L'Etang was encouraged to enter medicine by his father. But he was a doctor who preferred to observe rather than to practise, and he did it with a glint in his eyes. He was the best medical copy editor I have ever encountered - precise and totally accurate. He wrote many acclaimed books. He was interested in the effect illness had on world leaders and this resulted in titles including The Pathology of Leadership (1969), Fit to Lead? (1980) and Ailing Leaders in Power 1914-94 (1995).
Although L'Etang was in many respects the quintessential English gentleman, his roots lay outside Britain. His father, Joseph L'Etang, came from Mauritius in the early 1900s to study medicine and stayed on to become a family doctor in London, where he met Frances Maas, whose family was involved in the tobacco business, and they married in 1915.
L'Etang was educated at Haileybury, and won a scholarship to read Physiology at St John's College, Oxford. He completed his training at St Bartholomew's Hospital, for whom he also played rugby. During the Second World War he served with the Royal Army Medical Corps, and was twice mentioned in dispatches. After joining his father in general practice, he was a medical officer with North Thames Gas Board, and then with British European Airways. He became head of the medical department at the pharmaceutical company John Wyeth and Bros in 1958.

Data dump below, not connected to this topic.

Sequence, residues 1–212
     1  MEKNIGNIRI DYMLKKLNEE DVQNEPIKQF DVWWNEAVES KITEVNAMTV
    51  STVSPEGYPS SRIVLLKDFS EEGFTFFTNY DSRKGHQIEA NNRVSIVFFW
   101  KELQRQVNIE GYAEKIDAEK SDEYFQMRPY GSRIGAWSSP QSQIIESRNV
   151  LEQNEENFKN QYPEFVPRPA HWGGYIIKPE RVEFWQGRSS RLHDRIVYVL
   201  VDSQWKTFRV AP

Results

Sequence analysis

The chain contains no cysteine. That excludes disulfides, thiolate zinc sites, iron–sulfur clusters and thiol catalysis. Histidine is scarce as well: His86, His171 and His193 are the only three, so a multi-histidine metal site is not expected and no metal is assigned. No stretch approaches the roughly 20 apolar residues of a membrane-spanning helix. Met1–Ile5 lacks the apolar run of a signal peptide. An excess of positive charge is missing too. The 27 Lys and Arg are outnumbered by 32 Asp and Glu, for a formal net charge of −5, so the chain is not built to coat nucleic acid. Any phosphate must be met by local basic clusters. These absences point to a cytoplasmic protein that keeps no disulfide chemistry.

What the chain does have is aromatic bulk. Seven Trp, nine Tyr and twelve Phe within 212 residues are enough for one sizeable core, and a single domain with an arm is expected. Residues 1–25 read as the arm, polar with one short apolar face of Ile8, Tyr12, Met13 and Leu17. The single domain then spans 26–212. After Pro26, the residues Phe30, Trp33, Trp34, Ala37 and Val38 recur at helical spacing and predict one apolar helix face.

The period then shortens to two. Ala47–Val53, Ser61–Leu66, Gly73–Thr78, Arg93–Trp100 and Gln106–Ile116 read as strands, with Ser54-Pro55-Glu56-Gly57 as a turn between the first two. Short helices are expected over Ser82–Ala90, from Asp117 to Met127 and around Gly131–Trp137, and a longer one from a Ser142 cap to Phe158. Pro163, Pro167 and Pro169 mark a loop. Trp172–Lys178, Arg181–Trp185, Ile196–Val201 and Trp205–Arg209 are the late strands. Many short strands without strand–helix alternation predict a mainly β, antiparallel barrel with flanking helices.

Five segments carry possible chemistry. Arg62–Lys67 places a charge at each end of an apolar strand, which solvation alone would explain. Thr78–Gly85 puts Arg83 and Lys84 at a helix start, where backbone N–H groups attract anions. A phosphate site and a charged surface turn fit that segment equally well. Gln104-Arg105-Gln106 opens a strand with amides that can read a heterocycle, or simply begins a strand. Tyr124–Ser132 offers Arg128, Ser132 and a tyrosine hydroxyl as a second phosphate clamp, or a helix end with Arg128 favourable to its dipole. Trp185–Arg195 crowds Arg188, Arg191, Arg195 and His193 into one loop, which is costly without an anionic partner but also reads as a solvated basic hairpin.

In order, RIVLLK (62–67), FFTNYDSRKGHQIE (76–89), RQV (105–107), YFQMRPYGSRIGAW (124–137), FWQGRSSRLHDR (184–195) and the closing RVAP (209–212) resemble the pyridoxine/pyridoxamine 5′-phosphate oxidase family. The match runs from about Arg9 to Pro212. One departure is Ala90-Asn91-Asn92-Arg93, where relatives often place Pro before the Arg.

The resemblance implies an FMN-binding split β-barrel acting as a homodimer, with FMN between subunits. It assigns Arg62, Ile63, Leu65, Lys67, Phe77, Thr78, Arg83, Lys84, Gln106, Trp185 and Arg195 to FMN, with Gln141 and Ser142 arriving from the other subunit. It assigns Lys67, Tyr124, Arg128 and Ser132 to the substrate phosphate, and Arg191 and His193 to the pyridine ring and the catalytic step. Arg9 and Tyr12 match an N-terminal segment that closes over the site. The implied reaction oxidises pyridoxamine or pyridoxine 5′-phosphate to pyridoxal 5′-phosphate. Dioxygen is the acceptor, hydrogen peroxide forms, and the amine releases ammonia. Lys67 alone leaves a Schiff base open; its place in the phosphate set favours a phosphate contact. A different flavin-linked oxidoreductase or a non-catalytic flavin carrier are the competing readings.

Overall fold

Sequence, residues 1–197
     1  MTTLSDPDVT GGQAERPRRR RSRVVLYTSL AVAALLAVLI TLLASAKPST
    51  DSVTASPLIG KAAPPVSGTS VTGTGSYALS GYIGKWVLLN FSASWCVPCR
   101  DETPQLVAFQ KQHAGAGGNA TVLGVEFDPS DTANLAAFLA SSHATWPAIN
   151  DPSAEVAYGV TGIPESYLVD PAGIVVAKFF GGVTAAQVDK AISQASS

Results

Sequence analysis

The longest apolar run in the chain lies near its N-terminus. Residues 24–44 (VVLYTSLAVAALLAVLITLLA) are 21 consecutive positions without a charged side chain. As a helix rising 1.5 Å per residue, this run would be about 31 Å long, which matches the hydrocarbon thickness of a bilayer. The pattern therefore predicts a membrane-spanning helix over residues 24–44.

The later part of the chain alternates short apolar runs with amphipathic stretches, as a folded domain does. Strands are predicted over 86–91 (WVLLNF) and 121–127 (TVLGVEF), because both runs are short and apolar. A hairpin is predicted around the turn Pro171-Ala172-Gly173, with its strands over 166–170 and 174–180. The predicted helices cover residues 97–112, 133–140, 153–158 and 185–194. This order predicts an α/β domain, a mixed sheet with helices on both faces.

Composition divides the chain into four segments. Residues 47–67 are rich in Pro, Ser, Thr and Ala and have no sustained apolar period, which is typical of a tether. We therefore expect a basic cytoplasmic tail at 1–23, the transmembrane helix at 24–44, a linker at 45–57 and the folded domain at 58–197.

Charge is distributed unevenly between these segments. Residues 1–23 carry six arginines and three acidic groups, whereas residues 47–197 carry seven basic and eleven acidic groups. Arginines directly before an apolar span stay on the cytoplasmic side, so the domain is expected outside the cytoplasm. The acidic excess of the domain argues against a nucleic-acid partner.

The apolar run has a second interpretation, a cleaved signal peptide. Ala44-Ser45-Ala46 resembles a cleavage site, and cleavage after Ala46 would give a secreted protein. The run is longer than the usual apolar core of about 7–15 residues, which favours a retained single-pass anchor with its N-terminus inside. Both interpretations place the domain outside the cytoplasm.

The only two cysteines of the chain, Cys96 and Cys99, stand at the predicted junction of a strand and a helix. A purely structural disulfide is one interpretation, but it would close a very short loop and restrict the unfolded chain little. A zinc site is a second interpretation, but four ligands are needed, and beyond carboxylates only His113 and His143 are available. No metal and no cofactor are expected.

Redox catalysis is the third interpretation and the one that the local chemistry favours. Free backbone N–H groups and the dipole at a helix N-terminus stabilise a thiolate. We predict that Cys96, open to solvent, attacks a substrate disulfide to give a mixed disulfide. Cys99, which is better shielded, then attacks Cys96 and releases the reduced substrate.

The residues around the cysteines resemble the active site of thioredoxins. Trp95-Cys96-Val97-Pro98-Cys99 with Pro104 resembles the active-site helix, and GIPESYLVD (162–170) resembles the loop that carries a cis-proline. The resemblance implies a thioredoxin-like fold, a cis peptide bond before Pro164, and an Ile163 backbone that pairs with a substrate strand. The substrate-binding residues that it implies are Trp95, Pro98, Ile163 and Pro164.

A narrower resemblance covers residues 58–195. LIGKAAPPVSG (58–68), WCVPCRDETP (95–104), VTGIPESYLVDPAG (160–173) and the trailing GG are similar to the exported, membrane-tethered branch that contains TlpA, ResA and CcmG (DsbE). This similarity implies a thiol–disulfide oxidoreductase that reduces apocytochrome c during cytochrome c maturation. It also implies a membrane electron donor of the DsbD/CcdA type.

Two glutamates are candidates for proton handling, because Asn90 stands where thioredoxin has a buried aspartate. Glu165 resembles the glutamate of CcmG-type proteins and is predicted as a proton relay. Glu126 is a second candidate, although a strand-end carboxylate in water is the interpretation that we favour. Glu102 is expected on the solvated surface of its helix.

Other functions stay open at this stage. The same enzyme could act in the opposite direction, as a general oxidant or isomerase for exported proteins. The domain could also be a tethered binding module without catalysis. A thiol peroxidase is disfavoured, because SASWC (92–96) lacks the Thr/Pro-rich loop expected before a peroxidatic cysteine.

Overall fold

L'Etang was a voracious reader, and might have followed a literary career. One of his responsibilities at Wyeth was the writing of advertising copy. He would visit the company's library to research well-known artists suffering from a condition that one of the company's drugs was attempting to treat. A career in medical publishing seemed attractive and in 1969 L'Etang landed himself a job as assistant editor of the Practitioner, becoming editor four years later.
My own debt to L'Etang is enormous. When nearly 12 years ago I set up my own under-capitalised medical publishing company, Mark Allen Publishing, a management buy-out from International Thomson Publishing, L'Etang, then consultant editor of the Physician, one of the two medical journals I acquired, told me he would work for me for nothing.
Several months later he approached me again: "Travel Medicine International is up for sale," he said, "and urgently needs a buyer. If you agree to buy it I will work for the publication as editor, free."
Hugh L'Etang's much-loved wife, Cecily Tinker, was a respected doctor in her own right. They were inseparable. She would accompany Hugh to meetings and help him report them. She was the cornerstone of his life.
Hugh Joseph Charles James L'Etang, medical practitioner and writer: born 23 November 1917; Medical Adviser, North Thames Gas Board 1948-56, British European Airways 1956-58; Medical Adviser, John Wyeth 1958-69; Assistant and Deputy Editor, the Practitioner 1969-73, Editor 1973-82; Consultant Editor, the Physician 1983-91; married 1951 Cecily Tinker (died 1996; one son, one daughter); died London 25 November 1996.